Thoughts of a day filled planning the new waste strategy for Jo’burg began to crowd in and the splish-splosh of shower water that preceded the same…. Today was to be difficult, whilst the R100 million had been provisionally arranged with surprising speed so good was the project, getting the self-interested new black political elite to accept this was going to be uphill, logic being firmly pushed aside by the Egyptian dance of out-stretched black hands demanding “more-more!!!” – seemingly forgetting the inflated salary of millions recently awarded to “manage” their particular public enterprise. Was it ever so? He pondered, getting out with a bagful of stash before “they” saw you as an “ Emperor with no clothes?” 

He leapt like a coiled spring aiming his energy at the hot water showering down in the bathroom…..

South Africa has been a region of conflict for hundreds of year and despite progress being made in the last few decades remains so. “Us” and “them” permeate every sentence, with the issue always being “them”, be they bosses v workers, criminals v citizens, poor v rich, left v right, old privilege v new privilege and typically in a South Africa still riven through with race, black v white. So much conflict surrounds us, shapes us, permeates us, dictates who we are and how we react, eats into our soul and prevents us from seeing and thinking clearly. “We” are always right and “they” are always wrong. How we perceive “us” and “them” determines who we are, it labels us even before we have often even spoken. How can we break this cycle of ultimate destruction, this disease that eats at the soul of our country that consumes so much of our combined passions that could, and should, be driving our country on to 2010 and beyond? The phrase “rainbow nation” was encapsulated this “we” concept and for a time it seemed we almost had it, only for it to evaporate soon after the 1995 World Cup success and the elations of Bafana Bafana our successful African Cup champions faded. 

Words are the medium in which we think – they are the building blocks of ideas, yet too often it seems that we as South Africans are talking past each other. Simple words like Comrade carry fundamentally different connotations depending on the stance of the listener. Yet too much of our political discourse is driven by time-honoured words and phrases, zero sum thinking in which the underlying concept is less development and more re-distributive. Successful modern vibrant economies no longer confine and define themselves in political slogans – it is only in the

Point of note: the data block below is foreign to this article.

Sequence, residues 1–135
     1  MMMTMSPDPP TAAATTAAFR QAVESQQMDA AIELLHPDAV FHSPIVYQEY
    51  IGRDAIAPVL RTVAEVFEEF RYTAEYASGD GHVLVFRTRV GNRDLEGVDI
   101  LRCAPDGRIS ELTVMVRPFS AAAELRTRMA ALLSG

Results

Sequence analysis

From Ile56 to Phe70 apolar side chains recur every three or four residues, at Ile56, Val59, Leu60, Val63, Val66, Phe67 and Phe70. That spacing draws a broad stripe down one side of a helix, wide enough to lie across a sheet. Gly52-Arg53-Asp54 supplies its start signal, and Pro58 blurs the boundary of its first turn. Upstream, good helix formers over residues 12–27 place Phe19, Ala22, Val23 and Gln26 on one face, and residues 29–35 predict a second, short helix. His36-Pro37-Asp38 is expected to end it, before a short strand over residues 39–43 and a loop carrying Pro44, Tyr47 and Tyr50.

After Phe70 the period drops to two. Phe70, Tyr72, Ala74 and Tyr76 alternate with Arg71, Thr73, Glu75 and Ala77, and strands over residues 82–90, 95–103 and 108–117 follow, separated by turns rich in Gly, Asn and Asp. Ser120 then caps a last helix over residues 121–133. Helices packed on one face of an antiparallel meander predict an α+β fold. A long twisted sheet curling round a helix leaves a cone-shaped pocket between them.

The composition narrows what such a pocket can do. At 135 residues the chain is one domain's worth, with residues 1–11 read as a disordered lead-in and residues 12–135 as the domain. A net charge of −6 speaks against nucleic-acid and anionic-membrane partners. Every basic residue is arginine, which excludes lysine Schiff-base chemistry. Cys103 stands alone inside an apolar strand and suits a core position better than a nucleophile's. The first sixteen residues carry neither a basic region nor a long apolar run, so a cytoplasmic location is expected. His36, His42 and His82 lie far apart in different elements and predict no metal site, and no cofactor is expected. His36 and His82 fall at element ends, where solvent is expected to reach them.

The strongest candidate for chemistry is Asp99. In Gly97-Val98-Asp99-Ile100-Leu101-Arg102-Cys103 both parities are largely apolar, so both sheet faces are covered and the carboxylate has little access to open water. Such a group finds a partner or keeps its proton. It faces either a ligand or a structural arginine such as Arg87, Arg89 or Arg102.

Zimbabwe’s of this world that you hear the tired old political mantras of the last century. Is
China capitalist or communist? Even a fairly superficial examination would cause any fair-minded person to define it perhaps as “progressive” or “dynamic”, and that perhaps it’s most over-riding feature to be cohesion.
 
China, and all other successful countries have grasped the fundamental of success and that is innovation and change. After stagnating for many years China finally threw off the yolk of political dogma and the slavish following of class-driven and divisive nineteenth century politics and moved into a high-gear growth mode – not seeking to enrich or advantage any particular sector but going for growth for growth’s sake. 

This philosophy – which is sometimes called the “rising tide” syndrome because it raises all boats – wastes no energy on determining whether “A” or “B” is more worthy but seeks to lift up the entire economy, and with spectacular success. Growth rates of 10% are seemingly commonplace and Asia as a whole, over the past 40 years has catapaulted past Africa – many parts of Africa had higher GDP’s per capita than much of Asia in 1960 – to leave Africa way behind in it’s wake. 
South Africa seems more “us” and “them” now than ten years ago; at a time when the “we” needs to be coming to the fore we are increasingly looking backward and thinking in zero-sum terms. 
Cosatu seems to be selfishly pursuing the interests of it’s members – a small fraction of the total South African population – and to be hell-bent on a confrontational – read that as wasteful – course and much of the white population to have retreated into a laager mentality be-moaning the inept police force and the rising wave of crime.  This is where old-fashioned “us” and “them” takes us – far from the economic high road we all as South Africans seek.